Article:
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Volcanic magma reservoir imaged as a low-density body beneath Aso volcano that terminated the 2016 Kumamoto earthquake rupture
Earth, Planets and Space volume 68, Article number: 208 (2016)
We resolve the density structure of a possible magma reservoir beneath Aso, an active volcano on Kyushu Island, Japan, by inverting gravity data. In the context of the resolved structure, we discuss the relationship between the fault rupture of the 2016 Kumamoto earthquake and Aso volcano. Low-density bodies were resolved beneath central Aso volcano using a three-dimensional inversion with an assumed density contrast of ±0.3 g/cm3. The resultant location of the southern low-density body is consistent with a magma reservoir reported in previous studies. No Kumamoto aftershocks occur in the southern low-density body; this aseismic anomaly may indicate a ductile feature due to high temperatures and/or the presence of partial melt. Comparisons of the location of the southern low-density body with rupture models of the mainshock, obtained from teleseismic waveform and InSAR data, suggest that the rupture terminus overlaps the southern low-density body. The ductile features of a magma reservoir could have terminated rupture propagation. On the other hand, a northern low-density body is resolved in the Asodani area, where evidence of current volcanic activity is scarce and aftershock activity is high. The northern low-density body might, therefore, be derived from a thick caldera fill in the Asodani area, or correspond to mush magma or a high-crystallinity magma reservoir that could be the remnant of an ancient intrusion.
The 2016 Kumamoto earthquake (M JMA 7.3) occurred on April 16, 2016, at 01:25 Japan Standard Time (JST, UTC +9) in the Kumamoto region, Kyushu Island, southwestern Japan. The epicenter (32.76°N, 130.76°E) and hypocentral depth (12 km below sea level) determined by the Japan Meteorological Agency (JMA) are very close to Aso volcano, the largest active volcano with a large caldera (15 × 25 km) in Japan (Fig. 1). The rupture process of the 2016 Kumamoto earthquake was resolved by Yagi et al. (2016): Rupture initiated at the hypocenter on the southwest part of the focal plane and propagated east for about 17 s. The area of maximum slip, with a value of ~5.7 m, was centered ~10 km northeast of the epicenter. The effective slip area was about 40 km long and 15 km wide, and the total seismic moment was 5.1 × 1019 Nm (M w = 7.0). Aftershock distributions and focal mechanism determined by Yagi et al. (2016) indicate that the 2016 Kumamoto earthquake occurred along an active strike-slip fault known as the Futagawa Fault (Research Group for Active Faults of Japan 1991), which belongs to the Oita–Kumamoto Tectonic Line (OKTL) (e.g., Kamata and Kodama 1994) and comprises the principal shear zone on Kyushu island (Matsumoto et al. 2015). Rupture propagation terminated near the southwest side of Aso volcano (Yagi et al. 2016); co-seismic surface deformation observed by Interferometric Synthetic Aperture Radar (InSAR) also clearly terminated at Aso volcano (e.g., Geospatial Information Authority of Japan 2016a, b) (Additional file 1: Figure S1). These observations suggest that Aso volcano influenced the rupture. Consequently, the relationship between the 2016 Kumamoto earthquake and Aso volcano can be studied as an example of interactions between fault rupture during large earthquakes and active volcanoes.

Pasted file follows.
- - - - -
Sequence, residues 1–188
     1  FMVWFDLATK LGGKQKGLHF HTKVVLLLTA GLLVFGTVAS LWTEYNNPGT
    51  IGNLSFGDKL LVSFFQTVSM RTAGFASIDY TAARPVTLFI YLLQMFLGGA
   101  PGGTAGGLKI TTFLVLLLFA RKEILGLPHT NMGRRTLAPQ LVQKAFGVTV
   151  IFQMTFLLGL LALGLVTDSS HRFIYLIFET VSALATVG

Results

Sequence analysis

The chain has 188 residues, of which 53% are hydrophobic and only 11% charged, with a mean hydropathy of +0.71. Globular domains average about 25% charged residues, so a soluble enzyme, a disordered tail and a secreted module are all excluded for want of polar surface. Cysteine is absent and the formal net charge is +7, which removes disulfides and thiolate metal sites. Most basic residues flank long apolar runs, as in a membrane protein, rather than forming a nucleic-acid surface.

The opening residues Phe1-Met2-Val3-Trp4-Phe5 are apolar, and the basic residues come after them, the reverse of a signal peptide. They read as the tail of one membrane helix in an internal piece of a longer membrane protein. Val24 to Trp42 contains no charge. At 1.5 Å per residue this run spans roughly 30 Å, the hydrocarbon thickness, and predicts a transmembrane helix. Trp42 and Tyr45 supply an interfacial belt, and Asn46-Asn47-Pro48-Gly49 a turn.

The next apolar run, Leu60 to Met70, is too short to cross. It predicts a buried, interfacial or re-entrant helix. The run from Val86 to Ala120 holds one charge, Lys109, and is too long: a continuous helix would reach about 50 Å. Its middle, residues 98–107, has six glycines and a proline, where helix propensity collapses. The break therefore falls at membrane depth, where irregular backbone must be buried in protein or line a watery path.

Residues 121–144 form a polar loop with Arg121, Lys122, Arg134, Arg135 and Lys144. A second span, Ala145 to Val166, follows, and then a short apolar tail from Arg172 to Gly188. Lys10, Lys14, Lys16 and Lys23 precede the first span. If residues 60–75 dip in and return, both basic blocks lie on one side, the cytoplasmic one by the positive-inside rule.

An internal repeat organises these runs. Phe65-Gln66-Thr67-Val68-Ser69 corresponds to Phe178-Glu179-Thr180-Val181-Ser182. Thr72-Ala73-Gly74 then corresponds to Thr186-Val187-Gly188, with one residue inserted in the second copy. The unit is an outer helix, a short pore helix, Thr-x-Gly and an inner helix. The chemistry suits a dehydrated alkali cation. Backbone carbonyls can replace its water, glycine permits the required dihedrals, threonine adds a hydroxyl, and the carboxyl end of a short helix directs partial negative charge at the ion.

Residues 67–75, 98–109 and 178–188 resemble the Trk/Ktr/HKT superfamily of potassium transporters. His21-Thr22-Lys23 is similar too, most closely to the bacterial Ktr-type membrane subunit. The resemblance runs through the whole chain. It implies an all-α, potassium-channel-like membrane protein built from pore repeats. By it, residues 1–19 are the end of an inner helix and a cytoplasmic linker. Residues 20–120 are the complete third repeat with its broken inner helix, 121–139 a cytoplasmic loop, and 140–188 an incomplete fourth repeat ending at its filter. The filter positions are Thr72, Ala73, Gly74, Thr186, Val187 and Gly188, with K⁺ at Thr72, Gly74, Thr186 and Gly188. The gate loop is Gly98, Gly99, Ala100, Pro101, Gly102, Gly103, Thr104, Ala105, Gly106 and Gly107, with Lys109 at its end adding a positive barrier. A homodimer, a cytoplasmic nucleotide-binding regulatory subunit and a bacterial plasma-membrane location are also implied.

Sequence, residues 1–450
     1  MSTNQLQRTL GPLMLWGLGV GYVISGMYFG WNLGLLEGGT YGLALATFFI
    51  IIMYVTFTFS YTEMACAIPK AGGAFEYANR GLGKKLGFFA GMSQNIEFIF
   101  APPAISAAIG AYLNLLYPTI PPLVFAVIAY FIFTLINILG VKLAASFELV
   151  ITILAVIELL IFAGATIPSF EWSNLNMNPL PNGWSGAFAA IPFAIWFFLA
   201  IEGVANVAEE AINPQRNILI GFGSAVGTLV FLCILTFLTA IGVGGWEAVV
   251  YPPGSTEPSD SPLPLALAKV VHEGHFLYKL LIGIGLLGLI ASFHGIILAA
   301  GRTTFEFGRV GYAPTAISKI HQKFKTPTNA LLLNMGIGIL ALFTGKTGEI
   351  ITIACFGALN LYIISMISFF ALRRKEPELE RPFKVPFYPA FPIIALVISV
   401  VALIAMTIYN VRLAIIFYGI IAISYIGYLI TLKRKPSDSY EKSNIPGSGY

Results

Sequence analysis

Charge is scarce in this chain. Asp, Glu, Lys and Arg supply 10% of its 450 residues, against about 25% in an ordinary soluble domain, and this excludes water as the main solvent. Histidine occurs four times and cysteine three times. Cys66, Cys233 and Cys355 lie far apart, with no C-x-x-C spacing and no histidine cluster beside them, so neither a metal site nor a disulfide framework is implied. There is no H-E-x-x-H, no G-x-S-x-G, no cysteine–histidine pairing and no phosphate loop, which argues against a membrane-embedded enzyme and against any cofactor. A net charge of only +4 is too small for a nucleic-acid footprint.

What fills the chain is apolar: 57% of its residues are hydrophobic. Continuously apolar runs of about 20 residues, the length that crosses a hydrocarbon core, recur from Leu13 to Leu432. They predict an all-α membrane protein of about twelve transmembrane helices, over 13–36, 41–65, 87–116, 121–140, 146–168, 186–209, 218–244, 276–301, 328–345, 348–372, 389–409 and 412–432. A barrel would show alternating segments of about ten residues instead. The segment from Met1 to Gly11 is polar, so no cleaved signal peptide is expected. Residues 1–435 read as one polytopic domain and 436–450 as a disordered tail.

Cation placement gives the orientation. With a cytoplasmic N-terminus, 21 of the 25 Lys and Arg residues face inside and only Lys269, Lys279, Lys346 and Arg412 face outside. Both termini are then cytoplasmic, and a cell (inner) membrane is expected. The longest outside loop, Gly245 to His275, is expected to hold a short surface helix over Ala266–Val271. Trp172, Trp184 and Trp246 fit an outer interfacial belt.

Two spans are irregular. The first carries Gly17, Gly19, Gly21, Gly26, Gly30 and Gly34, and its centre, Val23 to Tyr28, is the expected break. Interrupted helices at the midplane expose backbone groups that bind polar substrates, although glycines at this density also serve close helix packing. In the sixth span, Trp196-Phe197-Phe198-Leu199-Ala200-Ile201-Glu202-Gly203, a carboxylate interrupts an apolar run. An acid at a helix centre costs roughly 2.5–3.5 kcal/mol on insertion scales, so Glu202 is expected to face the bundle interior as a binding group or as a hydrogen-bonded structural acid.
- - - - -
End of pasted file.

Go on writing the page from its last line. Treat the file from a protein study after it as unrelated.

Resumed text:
Aso volcano formed through a series of four large explosive eruptions at ca. 70,000–80,000 years ago (Ono and Watanabe 1985). Central Kyushu, where Aso volcano is located, is characterized by a high heat flow (Ehara, 1984). Magnetic anomaly data suggest the existence of a high-temperature zone (T > 500 °C) around Aso (Okubo and Shibuya 1993; Okubo et al. 1997). Temperatures below 1500 m depth are estimated to be >200 °C in the Yunotani region (New Energy and Industrial Technology Development Organization 1996). However, the detailed thermal structure around Aso volcano is poorly understood, although some thermal gradient measurements have been undertaken in the area (e.g., Tanaka et al. 2004). Fumarolic activity has been continuously observed at Nakadake cone, the only active caldera cone in Aso volcano (e.g., Mori and Notsu 2008). A zone of low seismic velocity at 5–6 km below Nakadake has been previously interpreted as a shallow magma reservoir (Sudo and Kong 2001). The location of a modeled deflation source beneath Kusasenri area, resolved from ground deformation data, coincides with a low-velocity zone that may represent the magma reservoir (Sudo et al. 2006). Aso volcano erupted at Nakadake on October 8, 2016, at 01:46 JST (Japan Meteorological Agency 2016a), though there has been no remarkable activity at Aso volcano during the 4+ months since the 2016 Kumamoto earthquake except for very small eruptions on April 16 and May 1, 2016 (Japan Meteorological Agency 2016b, c). The large eruption on October 8, 2016, which sent a column of smoke and ash 11,000 m into the air, was the largest eruption of Aso volcano in 36 years (Japan Meteorological Agency 2016a).